28 th May – 27 th June, 2021
‘Nevergreen’ was a film created by a team of 10. Written by Gus Mitchell it was rehearsed, shot and edited during 2020 London lockdown. Freshly brought to this year’s Brighton fringe. Starring Katurah Morrish we were met with film footage of a living room that was minimal, though very stylish if dated. She took her time to introduce Rachel Carson who died at 56. Rachel was a writer, scientist, ecologist, and she in her time delved further than most into the world of nature and its assured
place in poetry.
Katurah’ energy as a huge fan of Rachel’s life and writings had her singing her praises in the indoor scenes of this movie/documentary/ theatrical event. We stepped with Katurah into a wood. It was a nice looking day, Rachel’s story was told intimately as we listened to her poetry that was so well constructed and sorted out.
She was alone outside in the wood and as time passed she told her emboldened thoughts “I grew up by the river.” Her illustrious poetry brought about such great happenings as she led her way in and out of existence using nature and imagination to make complete circles like the seasons passing.
The visual illustrations where all by the artist Ana Zoob, having movements of blues and greens and purples. The sound of bird song met with the sound of howling of wolves nearby. This contrasted with her narration of reading Rachel’s poetry that she spoke with long and big meaningful pronunciations.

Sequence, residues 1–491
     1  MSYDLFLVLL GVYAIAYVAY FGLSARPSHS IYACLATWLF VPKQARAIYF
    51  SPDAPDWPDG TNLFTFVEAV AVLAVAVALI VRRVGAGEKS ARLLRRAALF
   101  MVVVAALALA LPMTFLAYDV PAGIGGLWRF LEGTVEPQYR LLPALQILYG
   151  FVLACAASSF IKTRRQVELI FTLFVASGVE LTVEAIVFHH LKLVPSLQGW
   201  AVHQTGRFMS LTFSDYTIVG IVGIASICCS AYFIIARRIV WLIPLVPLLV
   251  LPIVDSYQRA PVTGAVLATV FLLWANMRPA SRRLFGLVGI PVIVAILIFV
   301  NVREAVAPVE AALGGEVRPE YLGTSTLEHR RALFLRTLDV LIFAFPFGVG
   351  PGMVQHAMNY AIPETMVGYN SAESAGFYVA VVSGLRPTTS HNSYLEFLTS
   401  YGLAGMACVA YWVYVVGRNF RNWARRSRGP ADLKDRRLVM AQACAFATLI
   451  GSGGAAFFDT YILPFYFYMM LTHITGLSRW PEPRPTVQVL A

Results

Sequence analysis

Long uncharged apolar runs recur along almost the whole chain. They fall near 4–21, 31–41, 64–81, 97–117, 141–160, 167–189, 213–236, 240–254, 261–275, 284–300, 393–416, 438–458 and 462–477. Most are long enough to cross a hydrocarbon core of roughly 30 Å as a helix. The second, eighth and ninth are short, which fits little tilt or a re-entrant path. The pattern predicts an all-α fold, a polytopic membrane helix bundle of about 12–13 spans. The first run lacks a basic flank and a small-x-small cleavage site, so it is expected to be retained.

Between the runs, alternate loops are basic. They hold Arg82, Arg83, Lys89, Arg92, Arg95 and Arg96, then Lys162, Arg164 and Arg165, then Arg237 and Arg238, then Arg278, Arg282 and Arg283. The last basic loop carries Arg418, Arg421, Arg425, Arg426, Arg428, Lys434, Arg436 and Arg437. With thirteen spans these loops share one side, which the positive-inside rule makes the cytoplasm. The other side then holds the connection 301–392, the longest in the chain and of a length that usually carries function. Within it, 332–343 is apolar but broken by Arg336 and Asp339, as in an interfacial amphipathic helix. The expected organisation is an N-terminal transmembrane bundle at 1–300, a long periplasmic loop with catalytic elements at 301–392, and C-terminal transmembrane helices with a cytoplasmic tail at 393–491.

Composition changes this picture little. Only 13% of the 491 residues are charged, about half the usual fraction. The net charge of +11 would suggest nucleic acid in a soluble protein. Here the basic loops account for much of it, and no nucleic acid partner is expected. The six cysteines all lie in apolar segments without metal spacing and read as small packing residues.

Taking time to set the scenes she spoke with longing about the deep blue sea. She probed everything to find its essence, its journey, examining minutely with rhetorical resonations and revelations. Her questions were her greatest friend and she took on whatever journey she would find until the next journey.
The act of visiting the trees and rocks was shown as Katurah spoke in sincerity which was nice to be part of. It was told as if there and Katurah compelled us to listen with great focus on the things we were seeing in this journey into the beyond. Performed with a slight smile on her face, it began to speed up, as in a certain place a sense of urgency was introduced. All with wonderful visual art by Ana Zoob of souring and heartfelt illustrations of birds, insects who morphed in and out of life and served as a backdrop as the Direction of Eloise Poulton passed seamlessly.
But when she came to man she began to unravel. And with simple images of city skyline went into the destructive journey of man as they drag all else to the bottom in an inane and out of date striving for power. Rachel was saying that to be in nature is a far finer truth than it is to be separate or outside and without nature, logically suggesting that there is no place without nature, therefore we cannot be without it.
To strive into it, and think about it, and lie down in it and even gently touch a tree and rub leaves. And celebrate the poetry all around us and interwoven into all things. It had striking imagery and production and a very good case for the power of nature that is also in us, pleased and putting a slight smile on our face too. Making this point at the right time and certainly in the right place, But sharing it into an offering to the fringe of something so well written and finished.
Reviewer: Daniel Donnelly